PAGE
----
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Shakopee cancels classes as Minnesota schools grapple with COVID wave

School districts as well as colleges and universities in Minnesota are closely monitoring the growing number of COVID-19 cases in Minnesota, which could push students back into periods of distance learning.

The Shakopee School District canceled all classes on Monday and Tuesday, extending the district’s Thanksgiving vacation, due to high infection rates from COVID-19. The decision came after three classes in the district had to switch to distance education due to a continuing increase in cases. A handful of other classes were near the threshold to make the switch, the district said.

The goal of the move was to “address concerns about the pandemic and hopefully slow the growing number of COVID-19 cases in our district,” according to a letter sent Thursday to Shakopee’s parents. District leaders will continue to monitor the number of cases and explore other schedule adjustments and mitigation efforts, the letter said. “Our aim is to have some control over the situation and to be proactive, as much as possible,” he said.

The surge in the number of cases – which has reached levels not seen since last fall – has prompted some education officials and student groups to push for vaccines for students and families and to call for continued compliance masking, social distancing and quarantine recommendations. Decisions about COVID-19-related precautions, such as mask requirements, have been left to individual districts and have proven controversial in school board meetings.

With a few exceptions, schools and campuses have largely refrained from switching to distance learning. Some individual schools, however, have had to do so due to widespread staff absences due to illness and quarantine.

Schools in Red Lake switched to distance education in early November due to rising infection rates. The school board has decided to maintain the break from in-person classes until at least January 3.

Schools in South Washington County also recently informed parents of the possibility of having to revert to distance education if COVID-19 rates continue to rise. And others are considering and discussing such measures, said Scott Croonquist, executive director of the Association of Metropolitan School Districts.

In a letter sent to parents in Minnesota this week, Minnesota Education Commissioner Heather Mueller said no one could have predicted at the onset of the pandemic that COVID-19 could still affect classrooms. here the 2021-2022 school year.

“We have learned a lot since the start of the pandemic, and our priorities remain the same: first, to maintain the safety, health and well-being of our students, staff and families; and second, to ensure that students can stay in their classrooms safely. – person learning, ”she wrote in the letter, which then listed recommendations to help prevent the spread of COVID-19 in schools.

Colleges are also taking note of the growing number of COVID-19 cases in the state, although most have not changed their operations.

“We are certainly monitoring. Our positivity rate has remained relatively low compared to surrounding communities,” said University of Minnesota spokesman Jake Ricker, who noted that the Twin Cities campus had both mandates interior masking and vaccination in place.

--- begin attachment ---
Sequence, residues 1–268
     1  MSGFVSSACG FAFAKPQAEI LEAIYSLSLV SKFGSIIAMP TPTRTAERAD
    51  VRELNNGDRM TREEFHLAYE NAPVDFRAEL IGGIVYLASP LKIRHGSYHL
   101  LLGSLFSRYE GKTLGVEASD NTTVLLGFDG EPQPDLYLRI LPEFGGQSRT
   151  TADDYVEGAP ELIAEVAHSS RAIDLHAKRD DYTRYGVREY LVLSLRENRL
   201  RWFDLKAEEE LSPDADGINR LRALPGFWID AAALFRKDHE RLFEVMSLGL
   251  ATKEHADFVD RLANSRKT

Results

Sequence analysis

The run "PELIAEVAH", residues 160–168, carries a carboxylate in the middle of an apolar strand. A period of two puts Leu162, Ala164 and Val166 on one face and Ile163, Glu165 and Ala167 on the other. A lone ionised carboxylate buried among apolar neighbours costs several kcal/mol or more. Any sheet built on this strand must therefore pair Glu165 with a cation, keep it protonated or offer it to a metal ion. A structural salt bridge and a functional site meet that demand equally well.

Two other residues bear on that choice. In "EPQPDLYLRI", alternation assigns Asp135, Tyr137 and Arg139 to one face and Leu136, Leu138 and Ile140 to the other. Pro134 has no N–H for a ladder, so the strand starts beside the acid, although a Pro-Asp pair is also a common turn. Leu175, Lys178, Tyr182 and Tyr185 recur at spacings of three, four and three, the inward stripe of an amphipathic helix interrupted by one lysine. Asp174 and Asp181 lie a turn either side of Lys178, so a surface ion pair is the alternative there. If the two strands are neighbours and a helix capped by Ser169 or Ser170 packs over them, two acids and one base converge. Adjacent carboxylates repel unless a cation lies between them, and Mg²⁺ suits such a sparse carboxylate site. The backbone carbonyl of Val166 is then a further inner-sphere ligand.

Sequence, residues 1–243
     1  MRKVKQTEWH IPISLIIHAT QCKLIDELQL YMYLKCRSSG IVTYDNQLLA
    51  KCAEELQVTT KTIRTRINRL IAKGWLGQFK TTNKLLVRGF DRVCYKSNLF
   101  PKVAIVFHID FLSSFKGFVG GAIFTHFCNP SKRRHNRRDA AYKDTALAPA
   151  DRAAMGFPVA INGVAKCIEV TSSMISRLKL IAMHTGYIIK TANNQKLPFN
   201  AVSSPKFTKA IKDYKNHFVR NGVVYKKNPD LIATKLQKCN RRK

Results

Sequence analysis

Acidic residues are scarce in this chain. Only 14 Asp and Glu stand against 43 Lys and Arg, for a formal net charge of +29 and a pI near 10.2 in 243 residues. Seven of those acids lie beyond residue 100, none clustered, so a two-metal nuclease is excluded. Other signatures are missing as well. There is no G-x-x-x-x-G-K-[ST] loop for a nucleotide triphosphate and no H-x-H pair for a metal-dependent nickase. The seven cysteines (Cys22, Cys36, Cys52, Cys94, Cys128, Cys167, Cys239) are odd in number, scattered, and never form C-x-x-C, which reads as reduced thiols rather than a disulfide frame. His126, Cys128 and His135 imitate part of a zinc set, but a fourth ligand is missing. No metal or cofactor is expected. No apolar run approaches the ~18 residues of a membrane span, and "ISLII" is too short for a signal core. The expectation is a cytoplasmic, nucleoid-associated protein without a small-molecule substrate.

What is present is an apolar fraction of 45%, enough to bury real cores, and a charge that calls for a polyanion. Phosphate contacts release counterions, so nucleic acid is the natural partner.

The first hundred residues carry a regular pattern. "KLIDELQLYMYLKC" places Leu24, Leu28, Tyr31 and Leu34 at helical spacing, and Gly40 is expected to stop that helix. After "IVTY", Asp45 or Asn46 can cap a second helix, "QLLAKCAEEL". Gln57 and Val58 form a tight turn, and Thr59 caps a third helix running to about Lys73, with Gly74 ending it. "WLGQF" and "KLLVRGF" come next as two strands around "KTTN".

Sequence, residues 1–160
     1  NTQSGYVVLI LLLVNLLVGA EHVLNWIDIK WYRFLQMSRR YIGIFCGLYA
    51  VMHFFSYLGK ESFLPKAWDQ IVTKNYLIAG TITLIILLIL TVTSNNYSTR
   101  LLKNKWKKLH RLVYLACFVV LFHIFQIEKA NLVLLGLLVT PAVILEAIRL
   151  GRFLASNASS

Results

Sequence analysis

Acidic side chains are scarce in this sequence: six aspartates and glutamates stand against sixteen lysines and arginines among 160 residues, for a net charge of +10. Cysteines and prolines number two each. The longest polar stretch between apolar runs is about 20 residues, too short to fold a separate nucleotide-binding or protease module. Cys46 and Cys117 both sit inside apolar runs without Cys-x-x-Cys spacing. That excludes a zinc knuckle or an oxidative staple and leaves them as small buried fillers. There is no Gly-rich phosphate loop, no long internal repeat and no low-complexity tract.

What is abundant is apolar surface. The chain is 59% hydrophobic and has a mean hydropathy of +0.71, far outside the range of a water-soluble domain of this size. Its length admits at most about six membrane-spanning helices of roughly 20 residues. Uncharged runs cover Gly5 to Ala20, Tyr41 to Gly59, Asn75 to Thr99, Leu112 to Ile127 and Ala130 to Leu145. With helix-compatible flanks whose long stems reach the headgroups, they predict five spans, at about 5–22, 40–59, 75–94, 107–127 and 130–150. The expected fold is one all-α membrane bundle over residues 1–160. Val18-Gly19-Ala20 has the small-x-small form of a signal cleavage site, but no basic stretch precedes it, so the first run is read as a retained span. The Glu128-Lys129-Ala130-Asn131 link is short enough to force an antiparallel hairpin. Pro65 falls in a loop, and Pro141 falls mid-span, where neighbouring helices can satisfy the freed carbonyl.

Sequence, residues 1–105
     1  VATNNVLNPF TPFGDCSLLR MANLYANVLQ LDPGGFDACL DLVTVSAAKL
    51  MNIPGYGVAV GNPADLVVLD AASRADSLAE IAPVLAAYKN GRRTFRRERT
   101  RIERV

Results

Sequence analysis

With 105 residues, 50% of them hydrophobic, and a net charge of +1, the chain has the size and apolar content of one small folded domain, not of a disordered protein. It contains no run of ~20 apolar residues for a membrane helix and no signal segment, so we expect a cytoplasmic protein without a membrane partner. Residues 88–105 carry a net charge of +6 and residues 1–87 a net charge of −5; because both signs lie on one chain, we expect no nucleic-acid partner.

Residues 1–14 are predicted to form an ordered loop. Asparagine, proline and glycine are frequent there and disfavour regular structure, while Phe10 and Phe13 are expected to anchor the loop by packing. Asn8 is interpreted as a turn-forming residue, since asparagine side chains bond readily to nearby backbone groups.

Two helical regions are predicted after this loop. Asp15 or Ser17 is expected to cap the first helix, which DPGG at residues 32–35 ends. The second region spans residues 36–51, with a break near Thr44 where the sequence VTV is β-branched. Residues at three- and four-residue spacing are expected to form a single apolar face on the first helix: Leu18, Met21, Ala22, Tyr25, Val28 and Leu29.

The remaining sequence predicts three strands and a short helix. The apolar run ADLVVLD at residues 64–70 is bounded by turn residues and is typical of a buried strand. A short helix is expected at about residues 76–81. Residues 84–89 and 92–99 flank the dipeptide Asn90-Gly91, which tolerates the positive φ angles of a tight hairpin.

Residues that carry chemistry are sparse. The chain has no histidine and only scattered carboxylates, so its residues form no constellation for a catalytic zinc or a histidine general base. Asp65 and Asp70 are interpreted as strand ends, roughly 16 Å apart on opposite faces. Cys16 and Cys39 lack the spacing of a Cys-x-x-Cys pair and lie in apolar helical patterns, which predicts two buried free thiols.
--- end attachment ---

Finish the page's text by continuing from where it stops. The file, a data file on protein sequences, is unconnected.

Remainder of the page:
The U’s Twin Cities campus reported a total of 54 cases of COVID-19 among students and employees last week and a positivity rate of around 6%.

Alexandria Technical and Community College moved all of its courses online on Thursday due to an increase in the number of cases on campus and in the surrounding community and will remain mostly out of the way until Thanksgiving. However, professors have the option of teaching the labs in person over the next week.

“I hope these strategies will slow the spread of COVID-19 on campus and allow us to end the semester on a strong note,” Alexandria Technical and Community College president Michael Seymour wrote in an email to students.

The larger system of public colleges in the state of Minnesota has recorded an increasing number of COVID-19 cases in recent weeks.

Across the system’s 30 community colleges and seven universities, 241 new cases were reported among students and employees from November 10 to 17. A total of 230 cases were reported in the previous week. Both counts were highlights for the semester.

Student and faculty groups urged Minnesota state leaders to more aggressively promote immunization at a board meeting on Wednesday.

The state of Minnesota does not require that all students attending its institutions be immunized. Instead, he demanded it only for those who live in college-owned housing, participate in varsity sports, work placements, or clinical jobs. As a result, only 57% of students at colleges and universities in the state of Minnesota had received at least one dose of a COVID-19 vaccine as of September 20, according to state immunization data obtained by the system.

Vaccination rates in individual schools ranged from 33% to 69%.

Student union leaders told the board on Wednesday that some campuses do not punish those who flout mask mandates, nor actively promote immunization; some campuses didn’t even have a poster promoting COVID-19 vaccinations, the students said.

Leaders from faculty and staff unions have urged Minnesota State Chancellor Devinder Malhotra to consider a vaccination mandate for all and even suggested that colleges should move their courses online to help reduce transmission before the start of the spring semester.

Malhotra said he had heard the concerns “loudly and clearly” and would reassess the system’s COVID-19 mitigation measures in light of the increased number of cases.

“The data coming out is concerning,” said Malhotra. “It is time for us to carefully consider, to reflect, and we intend to do so.”

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